When visualising geospatial network data, it is possible to position nodes according to their geographic locations or to position nodes using standard network layout algorithms that ignore geographic location. Such data is increasingly common in interactive displays of Internet-connected sensor data, but network layouts that ignore geographic location data are rarely employed. We conduct a user experiment to compare the effects of geographic and force-directed network layouts on three common network tasks: locating a node, determining the path length between two nodes, and comparing the degree of two nodes.
We found a geographic layout was superior for locating a node but inferior for determining the path length between two nodes. The two layouts performed similarly when participants compared the degree of two nodes. We also tested a relaxed- or pseudo-geographic layout created with multidimensional scaling and found it performed as well or better than the pure geographic layout on all tasks but remained inferior to the force-directed layout for the path-length task. We suggest interactive displays of geospatial network data allow viewers to switch between geographic and force-directed layouts, although further research is needed to understand the extent to which viewers are able to choose the most appropriate layout for a given task.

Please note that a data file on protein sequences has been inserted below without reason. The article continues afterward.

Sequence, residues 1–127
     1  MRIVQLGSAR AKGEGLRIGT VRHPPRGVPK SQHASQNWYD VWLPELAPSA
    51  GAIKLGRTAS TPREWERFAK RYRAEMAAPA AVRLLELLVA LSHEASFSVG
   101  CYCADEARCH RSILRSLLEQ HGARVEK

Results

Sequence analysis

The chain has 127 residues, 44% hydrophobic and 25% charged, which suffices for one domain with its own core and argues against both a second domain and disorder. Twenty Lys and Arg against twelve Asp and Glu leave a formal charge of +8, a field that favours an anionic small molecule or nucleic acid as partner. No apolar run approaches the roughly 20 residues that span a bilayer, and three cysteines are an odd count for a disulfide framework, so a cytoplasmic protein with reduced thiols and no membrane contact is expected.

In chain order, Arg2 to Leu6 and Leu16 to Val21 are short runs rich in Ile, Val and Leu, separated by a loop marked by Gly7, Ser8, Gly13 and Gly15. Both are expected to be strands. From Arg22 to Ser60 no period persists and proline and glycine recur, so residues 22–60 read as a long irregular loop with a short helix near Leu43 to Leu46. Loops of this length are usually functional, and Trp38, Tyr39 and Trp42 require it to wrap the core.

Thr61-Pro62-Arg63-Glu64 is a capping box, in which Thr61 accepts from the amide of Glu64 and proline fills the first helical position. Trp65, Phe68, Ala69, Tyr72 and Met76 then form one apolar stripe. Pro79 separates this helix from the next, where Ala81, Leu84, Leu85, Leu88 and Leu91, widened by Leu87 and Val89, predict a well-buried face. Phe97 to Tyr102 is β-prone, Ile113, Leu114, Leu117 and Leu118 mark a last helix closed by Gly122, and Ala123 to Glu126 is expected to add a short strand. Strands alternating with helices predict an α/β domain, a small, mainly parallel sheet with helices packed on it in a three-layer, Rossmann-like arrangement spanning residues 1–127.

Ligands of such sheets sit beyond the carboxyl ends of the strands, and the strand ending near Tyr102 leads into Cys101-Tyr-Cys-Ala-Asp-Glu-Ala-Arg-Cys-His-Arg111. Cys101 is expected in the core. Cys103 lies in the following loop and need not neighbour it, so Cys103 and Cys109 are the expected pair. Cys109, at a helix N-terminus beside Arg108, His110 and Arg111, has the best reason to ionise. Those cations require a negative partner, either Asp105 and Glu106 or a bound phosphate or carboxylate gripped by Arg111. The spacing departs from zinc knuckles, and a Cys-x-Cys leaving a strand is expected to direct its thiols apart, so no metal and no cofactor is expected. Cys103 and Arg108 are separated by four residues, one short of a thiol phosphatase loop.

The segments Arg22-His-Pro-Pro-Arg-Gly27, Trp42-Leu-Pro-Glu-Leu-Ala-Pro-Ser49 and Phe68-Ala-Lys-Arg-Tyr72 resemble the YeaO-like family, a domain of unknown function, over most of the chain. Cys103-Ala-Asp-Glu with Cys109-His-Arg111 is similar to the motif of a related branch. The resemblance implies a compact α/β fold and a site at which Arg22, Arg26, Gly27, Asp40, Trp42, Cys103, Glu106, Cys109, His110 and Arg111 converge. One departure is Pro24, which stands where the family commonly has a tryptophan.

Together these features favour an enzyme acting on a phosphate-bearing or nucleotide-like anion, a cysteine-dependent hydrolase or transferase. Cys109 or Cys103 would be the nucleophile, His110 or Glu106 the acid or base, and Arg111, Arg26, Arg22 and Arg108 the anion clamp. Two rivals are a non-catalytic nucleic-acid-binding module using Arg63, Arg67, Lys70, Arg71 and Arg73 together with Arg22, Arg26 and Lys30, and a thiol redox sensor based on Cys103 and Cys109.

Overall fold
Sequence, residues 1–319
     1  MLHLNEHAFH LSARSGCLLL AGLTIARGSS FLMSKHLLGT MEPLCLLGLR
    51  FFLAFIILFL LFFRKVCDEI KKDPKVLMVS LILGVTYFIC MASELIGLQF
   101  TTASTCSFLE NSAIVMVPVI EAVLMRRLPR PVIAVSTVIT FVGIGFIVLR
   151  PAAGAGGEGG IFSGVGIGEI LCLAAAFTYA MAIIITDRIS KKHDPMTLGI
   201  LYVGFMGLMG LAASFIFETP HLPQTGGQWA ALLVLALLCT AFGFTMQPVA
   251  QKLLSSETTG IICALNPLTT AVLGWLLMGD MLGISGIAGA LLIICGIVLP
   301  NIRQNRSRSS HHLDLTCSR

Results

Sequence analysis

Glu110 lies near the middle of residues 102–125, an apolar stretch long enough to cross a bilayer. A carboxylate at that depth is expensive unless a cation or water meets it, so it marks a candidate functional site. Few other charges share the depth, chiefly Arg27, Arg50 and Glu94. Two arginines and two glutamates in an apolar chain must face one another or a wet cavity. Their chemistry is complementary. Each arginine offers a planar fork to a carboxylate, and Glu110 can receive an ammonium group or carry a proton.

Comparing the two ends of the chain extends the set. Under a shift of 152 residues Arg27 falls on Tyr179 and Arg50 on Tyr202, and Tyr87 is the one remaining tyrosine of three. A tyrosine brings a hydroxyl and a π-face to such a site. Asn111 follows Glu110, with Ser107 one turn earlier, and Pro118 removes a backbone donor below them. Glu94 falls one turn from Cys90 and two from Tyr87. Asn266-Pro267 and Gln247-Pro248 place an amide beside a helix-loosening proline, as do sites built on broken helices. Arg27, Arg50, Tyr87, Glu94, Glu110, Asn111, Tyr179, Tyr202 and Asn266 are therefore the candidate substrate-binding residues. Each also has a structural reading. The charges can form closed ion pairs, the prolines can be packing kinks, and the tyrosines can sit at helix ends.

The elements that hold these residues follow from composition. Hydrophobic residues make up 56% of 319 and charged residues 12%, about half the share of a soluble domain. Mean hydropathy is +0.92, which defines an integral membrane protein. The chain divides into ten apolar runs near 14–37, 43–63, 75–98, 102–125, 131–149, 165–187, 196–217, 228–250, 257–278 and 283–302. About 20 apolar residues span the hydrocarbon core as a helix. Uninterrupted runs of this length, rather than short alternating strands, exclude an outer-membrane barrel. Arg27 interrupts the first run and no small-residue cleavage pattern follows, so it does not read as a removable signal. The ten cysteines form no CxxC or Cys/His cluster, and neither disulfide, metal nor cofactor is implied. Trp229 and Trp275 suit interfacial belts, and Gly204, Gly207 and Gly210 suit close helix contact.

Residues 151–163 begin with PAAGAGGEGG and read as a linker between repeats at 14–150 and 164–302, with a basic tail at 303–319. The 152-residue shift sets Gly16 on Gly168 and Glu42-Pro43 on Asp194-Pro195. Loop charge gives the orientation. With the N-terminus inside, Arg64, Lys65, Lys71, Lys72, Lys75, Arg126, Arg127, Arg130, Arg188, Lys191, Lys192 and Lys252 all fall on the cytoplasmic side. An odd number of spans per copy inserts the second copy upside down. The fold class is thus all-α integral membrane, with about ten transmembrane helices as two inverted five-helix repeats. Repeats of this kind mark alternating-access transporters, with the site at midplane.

Hale, S., McNeill, G., & Bright, J. M. (2017). The Eurographics Association.